Pharmacology Case Study

1. Identify the foods in his diet that may be contributing to his hypekalemia. a. Foods that his in potassium in his diet and may contributing to his hyper kalemia include; potatoes, spinach, fruits, salt substitutes, and the bacon, possibly the butter on the toast 2. Which ECG changes would be typical for a patient such as this? b. QT wave is elongated 3. Formulate relevant nursing diagnosis for this patient based on the data provided. c. Risk for ineffective health maintenance related to insufficient knowledge of recommended diet.

Risk for decreased cardiac output related to hyperkalemia Risk associated with spironolactone contraindication in patients with hyerkalemia cardiac monitoring, k+ monitoring, monitor breathing and circulation. IV administration of calcium gluconate, glucose, and insulin, if ineffective possible dialysis (hemodialysis or peritoneal) Diuretics to assist with excretion of excess K+. Education regarding foods and complications ect. Assess patients understanding of appropriate salt substitutes and potassium replacements.

Counseling for possible emotional distress related to medical noncompliance and possibility of relation to said hyperkalemia, patient may feel responsible and distressed. 4. Discus the etiology of the patients symptoms. d. Potassium is critical for the normal functioning of the muscles, heart, and nerves. It plays an important role in controlling activity of smooth muscle (such as the muscle found in the digestive tract.

5. Explain whether the nurse should clarify the doctors orders before administering the enema.e. Yes the nurse should definantly double check the order first, this patient has hyper tension first of all, and this enema will raise sodium levels depending on the severity of the hypertension this enema could be fatal. Also the enema could take days to work , the Doctor may want to look at a more rapid treatment option such as dialysis. 6. Will the patient continue to take the spironoloctane? f. No, spironoloctane is a potassium raising drug not good for hyperkalemia. 7.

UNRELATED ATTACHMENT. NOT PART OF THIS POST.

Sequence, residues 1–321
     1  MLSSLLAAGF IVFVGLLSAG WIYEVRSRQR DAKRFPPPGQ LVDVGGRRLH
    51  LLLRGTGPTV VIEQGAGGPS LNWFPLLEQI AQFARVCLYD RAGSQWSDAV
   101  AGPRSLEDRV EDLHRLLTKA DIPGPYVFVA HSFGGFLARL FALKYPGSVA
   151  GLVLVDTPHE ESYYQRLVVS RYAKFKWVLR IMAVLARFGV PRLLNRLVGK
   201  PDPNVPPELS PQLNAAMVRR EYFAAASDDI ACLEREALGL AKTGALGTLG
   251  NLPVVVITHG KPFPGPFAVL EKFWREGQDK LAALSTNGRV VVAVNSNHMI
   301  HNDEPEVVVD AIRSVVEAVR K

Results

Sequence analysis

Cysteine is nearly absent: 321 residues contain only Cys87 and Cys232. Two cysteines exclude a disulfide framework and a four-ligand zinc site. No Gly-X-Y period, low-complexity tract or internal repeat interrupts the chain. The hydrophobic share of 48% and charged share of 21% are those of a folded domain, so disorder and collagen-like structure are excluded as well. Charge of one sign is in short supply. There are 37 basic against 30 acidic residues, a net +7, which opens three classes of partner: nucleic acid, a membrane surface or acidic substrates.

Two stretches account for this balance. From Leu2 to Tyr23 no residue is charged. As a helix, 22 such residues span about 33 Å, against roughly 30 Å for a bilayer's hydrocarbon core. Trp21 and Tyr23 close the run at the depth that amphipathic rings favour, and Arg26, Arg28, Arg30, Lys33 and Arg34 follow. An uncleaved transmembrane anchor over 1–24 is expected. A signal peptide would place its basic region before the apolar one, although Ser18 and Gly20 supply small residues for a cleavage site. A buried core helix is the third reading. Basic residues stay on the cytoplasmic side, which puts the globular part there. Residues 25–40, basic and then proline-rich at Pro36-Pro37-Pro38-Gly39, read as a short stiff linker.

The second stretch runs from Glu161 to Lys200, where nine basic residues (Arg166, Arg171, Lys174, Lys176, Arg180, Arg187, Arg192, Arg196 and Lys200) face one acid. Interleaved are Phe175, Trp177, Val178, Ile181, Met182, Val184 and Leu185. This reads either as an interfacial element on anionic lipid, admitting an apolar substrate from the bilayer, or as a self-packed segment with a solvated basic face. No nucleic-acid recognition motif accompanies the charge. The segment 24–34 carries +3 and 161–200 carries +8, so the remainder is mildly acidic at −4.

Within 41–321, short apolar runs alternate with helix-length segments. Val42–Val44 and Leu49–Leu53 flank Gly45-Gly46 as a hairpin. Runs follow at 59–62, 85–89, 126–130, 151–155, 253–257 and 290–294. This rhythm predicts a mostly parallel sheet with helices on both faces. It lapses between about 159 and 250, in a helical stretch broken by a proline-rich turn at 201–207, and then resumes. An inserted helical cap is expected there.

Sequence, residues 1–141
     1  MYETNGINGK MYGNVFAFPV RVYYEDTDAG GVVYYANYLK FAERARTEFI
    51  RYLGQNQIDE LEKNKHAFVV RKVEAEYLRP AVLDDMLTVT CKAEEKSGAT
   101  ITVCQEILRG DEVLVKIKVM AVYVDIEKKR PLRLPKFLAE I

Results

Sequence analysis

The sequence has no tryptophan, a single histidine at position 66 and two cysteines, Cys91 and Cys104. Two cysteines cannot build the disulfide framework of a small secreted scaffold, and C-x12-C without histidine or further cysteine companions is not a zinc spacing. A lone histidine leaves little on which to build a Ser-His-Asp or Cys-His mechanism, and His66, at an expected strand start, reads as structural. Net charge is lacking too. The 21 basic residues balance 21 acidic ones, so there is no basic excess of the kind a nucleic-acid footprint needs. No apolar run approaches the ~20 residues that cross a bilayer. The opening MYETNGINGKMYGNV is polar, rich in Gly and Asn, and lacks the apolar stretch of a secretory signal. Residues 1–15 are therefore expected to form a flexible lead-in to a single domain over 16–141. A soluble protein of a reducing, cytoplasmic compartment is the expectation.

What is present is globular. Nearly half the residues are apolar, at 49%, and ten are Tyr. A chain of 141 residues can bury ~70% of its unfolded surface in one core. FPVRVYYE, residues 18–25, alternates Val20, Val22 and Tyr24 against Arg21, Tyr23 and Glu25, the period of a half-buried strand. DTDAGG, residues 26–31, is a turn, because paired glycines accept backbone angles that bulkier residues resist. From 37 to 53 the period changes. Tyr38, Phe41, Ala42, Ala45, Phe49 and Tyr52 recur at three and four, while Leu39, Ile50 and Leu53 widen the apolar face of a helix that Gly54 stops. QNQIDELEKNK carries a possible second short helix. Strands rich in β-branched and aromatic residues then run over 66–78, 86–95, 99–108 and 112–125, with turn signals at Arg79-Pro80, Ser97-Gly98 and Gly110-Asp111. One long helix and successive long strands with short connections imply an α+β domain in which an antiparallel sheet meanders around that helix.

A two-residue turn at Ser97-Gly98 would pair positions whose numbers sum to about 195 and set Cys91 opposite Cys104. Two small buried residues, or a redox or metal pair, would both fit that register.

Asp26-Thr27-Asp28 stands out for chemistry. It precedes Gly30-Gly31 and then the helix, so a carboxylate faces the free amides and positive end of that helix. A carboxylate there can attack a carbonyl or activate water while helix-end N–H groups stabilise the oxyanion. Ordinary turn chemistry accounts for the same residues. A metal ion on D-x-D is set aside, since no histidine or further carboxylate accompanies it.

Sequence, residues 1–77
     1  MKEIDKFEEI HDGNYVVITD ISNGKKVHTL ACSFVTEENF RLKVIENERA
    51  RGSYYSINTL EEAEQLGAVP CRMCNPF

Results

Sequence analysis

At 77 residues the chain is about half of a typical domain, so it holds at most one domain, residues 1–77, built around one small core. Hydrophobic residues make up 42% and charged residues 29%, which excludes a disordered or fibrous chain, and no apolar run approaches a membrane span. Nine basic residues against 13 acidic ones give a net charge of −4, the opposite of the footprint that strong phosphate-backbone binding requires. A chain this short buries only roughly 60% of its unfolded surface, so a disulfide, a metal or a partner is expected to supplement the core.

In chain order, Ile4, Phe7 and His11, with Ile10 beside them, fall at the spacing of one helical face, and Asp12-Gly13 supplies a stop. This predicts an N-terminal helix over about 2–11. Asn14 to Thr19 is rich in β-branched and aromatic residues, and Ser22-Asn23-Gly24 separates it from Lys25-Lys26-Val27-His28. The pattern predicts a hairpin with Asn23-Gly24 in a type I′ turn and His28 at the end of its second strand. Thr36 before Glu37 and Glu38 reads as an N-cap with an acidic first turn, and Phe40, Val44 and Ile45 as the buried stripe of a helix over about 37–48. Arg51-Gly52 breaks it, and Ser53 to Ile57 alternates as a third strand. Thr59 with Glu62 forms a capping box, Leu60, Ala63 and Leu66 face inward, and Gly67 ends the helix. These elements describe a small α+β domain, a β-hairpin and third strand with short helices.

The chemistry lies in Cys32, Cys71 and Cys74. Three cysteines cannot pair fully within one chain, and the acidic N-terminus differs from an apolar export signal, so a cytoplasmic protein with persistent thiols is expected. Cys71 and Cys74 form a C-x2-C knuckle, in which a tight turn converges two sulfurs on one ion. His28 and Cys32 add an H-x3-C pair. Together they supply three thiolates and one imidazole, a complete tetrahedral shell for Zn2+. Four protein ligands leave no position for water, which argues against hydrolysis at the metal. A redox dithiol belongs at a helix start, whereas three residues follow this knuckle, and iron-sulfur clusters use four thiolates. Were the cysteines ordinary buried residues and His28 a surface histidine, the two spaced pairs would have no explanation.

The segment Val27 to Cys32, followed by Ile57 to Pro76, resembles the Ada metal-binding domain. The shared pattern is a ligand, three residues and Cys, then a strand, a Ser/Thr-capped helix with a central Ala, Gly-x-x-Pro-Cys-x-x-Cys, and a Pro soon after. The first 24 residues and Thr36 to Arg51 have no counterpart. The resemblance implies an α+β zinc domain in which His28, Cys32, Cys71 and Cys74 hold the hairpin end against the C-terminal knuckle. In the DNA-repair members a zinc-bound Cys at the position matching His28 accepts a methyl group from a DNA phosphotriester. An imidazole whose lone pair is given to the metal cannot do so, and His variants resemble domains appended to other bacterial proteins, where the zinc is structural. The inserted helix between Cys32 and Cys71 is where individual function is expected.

Develop a teaching plan for this patient. a. Diet: Patient may need to change the way or what they eat to control their blood levels of potassium. Patient may need to limit how much potassium consumed. Foods that are high in potassium include bananas, citrus fruits, tomatoes, cantaloupe, honeydew melon, peaches, and potatoes. Juices that are high in potassium include orange juice, citrus juices, and tomato juice. Do not use salt substitutes. Ask caregiver or dietitian to help plan a diet. b. Medicines:

Keep a current list of medicines Take medicine as directed c. Contact Healthcare provider: numbness or pricking of your arms or legs. vomiting (throwing up) or have an upset stomach. d. Seek Care IMMEDIATELY: feel very weak or very tired. have any changes in your breathing, including difficulty breathing. have an abnormal heartbeat e. Support: Collect local hyperkalemia support group contact information, and hyperkalemia associations phone numbers and websites for patient and patient family.

Current medications: Avandia (rosiglitazone) 2mg BID Glucophage (metformin) 500mg OD Lasix (furosemide) 40 mg daily Potassium supplements (KCl) 20 meq daily Lopressor (metoprolol) 25 mg BID Prinivil (lisinopril) 5 mg daily Allopurinol (zyloprim) 100mg daily Advair 1 inhalation BID He …

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